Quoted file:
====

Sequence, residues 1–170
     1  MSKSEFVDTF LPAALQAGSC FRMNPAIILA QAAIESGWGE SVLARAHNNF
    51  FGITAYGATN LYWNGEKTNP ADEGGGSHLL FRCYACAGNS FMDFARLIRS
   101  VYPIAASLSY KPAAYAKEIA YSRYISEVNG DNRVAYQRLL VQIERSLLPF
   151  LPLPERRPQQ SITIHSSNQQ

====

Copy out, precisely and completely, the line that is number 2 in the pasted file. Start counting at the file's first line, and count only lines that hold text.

     1  MSKSEFVDTF LPAALQAGSC FRMNPAIILA QAAIESGWGE SVLARAHNNF